To battle this, numerous disability rights groups have sprung up and the EU has poured money into countries like Romania, Hungary and Bulgaria to help close these orphanages and assist parents who have children with disabilities.

However, in former Soviet states that aren’t part of the EU, like Armenia, the reality is, even in large metropolitan centers, resources for parents remain incredibly scarce and stigma remains high. A few social programs and rights organizations that have taken root in Armenia over the years include the Armenian Relief Society and UNICEF Armenia. However, most specialists agree that basics, such as providing parents with adequate schooling for disabled children, socialization programs and community acceptance, will take years.

If the story of the Armenian mother who perhaps gave up her disabled child should teach us anything, it is how common this issue actually is. This mother is not exceptional, nor is she a monster. She is doing what is, sadly, quite normal in this part of the world. So rather than demonizing one person and expressing indignant (and naïve) shock at her actions, let’s look at the enormity of this plight and express shock at the scarcity of resources currently available to parents in these situations.

This shouldn’t be about one baby who is lucky enough to have a foreign father who is now half a million dollars richer thanks to his GoFundMe page. The conversation ought to be about the newborns who are put through this system every day, yet are too unspectacular to garner their own outrage in our news cycle.


Jim Ven
Jim Ven1 years ago

thanks for the article.

Margaret G.
Margaret G.2 years ago

Wondering if Armenia has laws against abortion and if the parents knew that their child had Downs..

Paulinha Russell
Paulinha Russell2 years ago

Noted. Thanks

joan silaco
joan silaco2 years ago

i am wondering if these people know ahead of time if their child will be disabled, and decide to have the child instead of aborting it. because if their intention was to abandon the baby anyway once its born, knowing full well that the baby will be disabled, why do women get ostracized for making the decision to have an abortion? in other words, there are women that have the baby and then dump it in the dumpster or behind the toilet, or even try to flush it down the toilet? but in their mind they did know wrong because they had the baby even though they dumped the baby after being born? and if people think that's bad, they do worse in india and china because of gender! i would not pass judgement on any woman because she has to live with her decision for the rest of her life and whose to say she is not suffering too?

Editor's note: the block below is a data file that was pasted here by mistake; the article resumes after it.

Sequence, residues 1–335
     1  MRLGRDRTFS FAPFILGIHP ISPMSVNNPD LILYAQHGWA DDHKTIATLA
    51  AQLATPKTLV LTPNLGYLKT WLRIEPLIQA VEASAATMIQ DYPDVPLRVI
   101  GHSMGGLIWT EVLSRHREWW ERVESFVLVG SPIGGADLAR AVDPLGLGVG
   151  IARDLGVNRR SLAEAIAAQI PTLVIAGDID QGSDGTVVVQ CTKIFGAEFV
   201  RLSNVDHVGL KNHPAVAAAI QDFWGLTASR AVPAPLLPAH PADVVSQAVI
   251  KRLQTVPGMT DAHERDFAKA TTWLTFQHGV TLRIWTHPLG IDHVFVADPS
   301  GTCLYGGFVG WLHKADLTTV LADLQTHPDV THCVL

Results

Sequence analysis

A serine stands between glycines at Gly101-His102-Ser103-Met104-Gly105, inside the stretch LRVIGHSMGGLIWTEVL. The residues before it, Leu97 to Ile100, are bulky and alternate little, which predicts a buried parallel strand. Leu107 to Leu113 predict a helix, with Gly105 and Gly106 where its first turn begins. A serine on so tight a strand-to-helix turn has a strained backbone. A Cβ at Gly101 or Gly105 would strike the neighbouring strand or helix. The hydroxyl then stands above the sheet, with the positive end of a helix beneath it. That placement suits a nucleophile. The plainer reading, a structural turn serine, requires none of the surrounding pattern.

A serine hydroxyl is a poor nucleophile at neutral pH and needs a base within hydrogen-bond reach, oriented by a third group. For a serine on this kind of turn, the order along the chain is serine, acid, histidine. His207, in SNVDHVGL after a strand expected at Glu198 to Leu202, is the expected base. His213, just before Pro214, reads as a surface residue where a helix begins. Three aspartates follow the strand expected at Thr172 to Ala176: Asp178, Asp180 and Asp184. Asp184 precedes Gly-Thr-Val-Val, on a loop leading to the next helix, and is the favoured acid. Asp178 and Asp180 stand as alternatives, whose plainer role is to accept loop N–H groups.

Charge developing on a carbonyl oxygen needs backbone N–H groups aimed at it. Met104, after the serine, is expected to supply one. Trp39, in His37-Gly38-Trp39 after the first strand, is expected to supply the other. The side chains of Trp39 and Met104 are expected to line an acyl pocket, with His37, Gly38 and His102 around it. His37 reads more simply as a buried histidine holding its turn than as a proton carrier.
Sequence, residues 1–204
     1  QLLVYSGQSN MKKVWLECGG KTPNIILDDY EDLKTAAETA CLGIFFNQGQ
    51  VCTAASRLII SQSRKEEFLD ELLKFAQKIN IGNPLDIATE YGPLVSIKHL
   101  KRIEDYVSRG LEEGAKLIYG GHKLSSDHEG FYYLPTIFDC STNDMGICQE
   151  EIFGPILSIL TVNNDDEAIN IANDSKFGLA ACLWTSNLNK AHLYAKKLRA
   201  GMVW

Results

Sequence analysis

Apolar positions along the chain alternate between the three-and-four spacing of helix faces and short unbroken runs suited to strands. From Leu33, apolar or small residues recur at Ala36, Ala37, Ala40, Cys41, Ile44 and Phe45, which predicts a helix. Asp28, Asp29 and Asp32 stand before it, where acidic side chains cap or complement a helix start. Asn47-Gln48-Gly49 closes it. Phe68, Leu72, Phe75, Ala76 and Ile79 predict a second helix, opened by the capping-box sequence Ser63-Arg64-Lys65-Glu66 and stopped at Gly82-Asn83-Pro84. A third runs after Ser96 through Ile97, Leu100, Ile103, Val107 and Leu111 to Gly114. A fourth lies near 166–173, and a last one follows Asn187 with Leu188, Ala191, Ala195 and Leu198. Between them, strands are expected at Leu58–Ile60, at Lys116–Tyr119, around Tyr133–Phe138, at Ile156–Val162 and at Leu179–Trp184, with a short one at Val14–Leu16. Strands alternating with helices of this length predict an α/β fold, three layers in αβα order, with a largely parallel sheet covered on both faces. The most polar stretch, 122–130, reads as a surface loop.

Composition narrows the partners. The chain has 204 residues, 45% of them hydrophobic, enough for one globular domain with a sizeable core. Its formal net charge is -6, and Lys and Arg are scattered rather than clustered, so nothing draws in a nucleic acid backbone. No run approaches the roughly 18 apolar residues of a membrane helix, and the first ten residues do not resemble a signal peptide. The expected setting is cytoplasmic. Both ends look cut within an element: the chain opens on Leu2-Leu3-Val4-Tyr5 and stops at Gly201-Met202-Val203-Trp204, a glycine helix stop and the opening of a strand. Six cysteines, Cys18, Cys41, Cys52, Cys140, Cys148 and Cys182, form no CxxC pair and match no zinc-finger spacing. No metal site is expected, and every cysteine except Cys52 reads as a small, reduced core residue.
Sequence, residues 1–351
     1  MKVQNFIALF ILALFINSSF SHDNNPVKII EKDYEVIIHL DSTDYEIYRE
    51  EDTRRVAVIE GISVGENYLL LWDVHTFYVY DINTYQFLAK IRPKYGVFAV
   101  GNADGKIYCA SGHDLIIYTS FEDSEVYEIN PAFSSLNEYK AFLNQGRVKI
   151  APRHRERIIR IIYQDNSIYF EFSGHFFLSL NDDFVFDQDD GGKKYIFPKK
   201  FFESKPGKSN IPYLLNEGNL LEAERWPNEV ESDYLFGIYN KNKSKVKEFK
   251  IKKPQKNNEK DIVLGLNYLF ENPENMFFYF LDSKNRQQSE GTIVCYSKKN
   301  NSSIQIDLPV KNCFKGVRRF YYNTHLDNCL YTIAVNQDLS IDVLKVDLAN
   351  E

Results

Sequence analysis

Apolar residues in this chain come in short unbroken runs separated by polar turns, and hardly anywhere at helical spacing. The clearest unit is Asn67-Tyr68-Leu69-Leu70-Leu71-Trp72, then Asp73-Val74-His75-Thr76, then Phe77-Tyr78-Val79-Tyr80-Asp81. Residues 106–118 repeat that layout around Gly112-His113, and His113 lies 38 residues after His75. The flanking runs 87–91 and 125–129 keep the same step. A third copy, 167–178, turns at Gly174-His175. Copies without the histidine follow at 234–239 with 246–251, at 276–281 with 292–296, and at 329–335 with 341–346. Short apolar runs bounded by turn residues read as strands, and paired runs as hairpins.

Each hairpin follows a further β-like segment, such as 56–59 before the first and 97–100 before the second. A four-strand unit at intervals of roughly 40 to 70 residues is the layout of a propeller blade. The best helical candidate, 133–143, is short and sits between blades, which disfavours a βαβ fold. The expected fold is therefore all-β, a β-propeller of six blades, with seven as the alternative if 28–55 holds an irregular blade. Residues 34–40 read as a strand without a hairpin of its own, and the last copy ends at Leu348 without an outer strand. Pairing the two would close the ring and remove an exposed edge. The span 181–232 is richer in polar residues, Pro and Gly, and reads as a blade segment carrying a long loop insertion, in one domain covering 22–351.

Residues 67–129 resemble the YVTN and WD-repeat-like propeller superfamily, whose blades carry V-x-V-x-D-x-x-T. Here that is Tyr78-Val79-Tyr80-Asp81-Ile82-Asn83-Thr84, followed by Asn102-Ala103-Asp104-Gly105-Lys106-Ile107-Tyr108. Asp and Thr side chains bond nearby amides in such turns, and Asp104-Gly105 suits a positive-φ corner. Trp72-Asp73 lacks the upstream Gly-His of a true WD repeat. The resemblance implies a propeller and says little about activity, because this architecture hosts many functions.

Marilyn K.
Marilyn K2 years ago

I don't consider a Down Syndrome Child disabled. Their needs are a little different but they grow up to be loving individuals that have to participate on a different level. They learn, work and know how to take care of themselves.

jan b.
jan b2 years ago

Raising a disabled child is perhaps too expensive for many to deal with and some need special care. I chose not to criticize....I have not walked in their shoes.

Life can be cruel. Life isn't fair.

Ann Bodimeade
Ann B2 years ago

Thank you for putting this in context, I hope people will donate to UNICEF and the other agencies that are helping these other disabled children as generously.

Janis K.
Janis K2 years ago

Thanks for sharing.

Melissa DogLover
Melissa DogLover2 years ago

I would gladly dump my spouse if they didn't want to accept my child as they are-- no matter what their age. The wife is now just saying differently because it became viral on the internet. I hope the dad gets full custody of the child, since the wife didn't want the child anyway due to his down syndrome.